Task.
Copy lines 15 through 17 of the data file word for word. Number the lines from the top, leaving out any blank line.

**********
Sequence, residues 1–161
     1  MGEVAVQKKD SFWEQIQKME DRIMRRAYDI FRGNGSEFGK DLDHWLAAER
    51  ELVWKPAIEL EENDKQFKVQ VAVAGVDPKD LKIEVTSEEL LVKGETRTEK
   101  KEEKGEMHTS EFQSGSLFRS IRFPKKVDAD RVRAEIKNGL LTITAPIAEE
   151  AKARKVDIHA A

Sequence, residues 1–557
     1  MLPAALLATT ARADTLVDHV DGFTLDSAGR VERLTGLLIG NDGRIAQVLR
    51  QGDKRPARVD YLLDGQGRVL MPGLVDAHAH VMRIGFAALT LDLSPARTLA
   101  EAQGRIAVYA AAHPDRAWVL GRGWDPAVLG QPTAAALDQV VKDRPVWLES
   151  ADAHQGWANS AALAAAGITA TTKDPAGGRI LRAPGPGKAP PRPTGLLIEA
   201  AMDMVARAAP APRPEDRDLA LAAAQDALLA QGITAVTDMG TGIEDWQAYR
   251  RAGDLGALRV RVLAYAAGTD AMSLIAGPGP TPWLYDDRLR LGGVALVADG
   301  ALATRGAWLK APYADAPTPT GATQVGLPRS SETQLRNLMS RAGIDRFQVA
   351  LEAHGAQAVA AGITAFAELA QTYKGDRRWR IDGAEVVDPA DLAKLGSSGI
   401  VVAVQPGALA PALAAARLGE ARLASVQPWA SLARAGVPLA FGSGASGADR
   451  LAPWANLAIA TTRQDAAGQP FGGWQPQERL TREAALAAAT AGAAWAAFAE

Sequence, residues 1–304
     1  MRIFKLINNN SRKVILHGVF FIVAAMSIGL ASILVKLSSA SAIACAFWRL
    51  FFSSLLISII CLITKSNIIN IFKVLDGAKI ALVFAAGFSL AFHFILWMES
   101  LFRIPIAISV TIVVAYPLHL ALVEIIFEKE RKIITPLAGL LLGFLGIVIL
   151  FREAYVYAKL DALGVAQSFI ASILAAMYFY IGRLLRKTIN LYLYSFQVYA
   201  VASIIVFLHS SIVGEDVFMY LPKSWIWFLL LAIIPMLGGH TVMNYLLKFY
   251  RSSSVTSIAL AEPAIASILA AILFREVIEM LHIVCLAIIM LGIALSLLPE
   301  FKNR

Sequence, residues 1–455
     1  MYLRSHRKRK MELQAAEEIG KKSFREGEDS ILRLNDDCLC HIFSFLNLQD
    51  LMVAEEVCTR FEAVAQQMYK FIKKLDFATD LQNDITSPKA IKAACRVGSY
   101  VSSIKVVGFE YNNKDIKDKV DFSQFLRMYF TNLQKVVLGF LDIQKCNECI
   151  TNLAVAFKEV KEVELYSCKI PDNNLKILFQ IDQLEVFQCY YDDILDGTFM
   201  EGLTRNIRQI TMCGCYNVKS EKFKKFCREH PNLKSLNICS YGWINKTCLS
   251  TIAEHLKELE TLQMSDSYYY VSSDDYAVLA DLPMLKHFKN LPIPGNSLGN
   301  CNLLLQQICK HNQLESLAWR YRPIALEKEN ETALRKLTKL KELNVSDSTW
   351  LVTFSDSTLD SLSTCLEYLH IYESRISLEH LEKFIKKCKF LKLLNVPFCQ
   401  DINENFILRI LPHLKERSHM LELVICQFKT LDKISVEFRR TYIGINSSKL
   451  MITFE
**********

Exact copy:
   401  VVAVQPGALA PALAAARLGE ARLASVQPWA SLARAGVPLA FGSGASGADR
   451  LAPWANLAIA TTRQDAAGQP FGGWQPQERL TREAALAAAT AGAAWAAFAE

Sequence, residues 1–304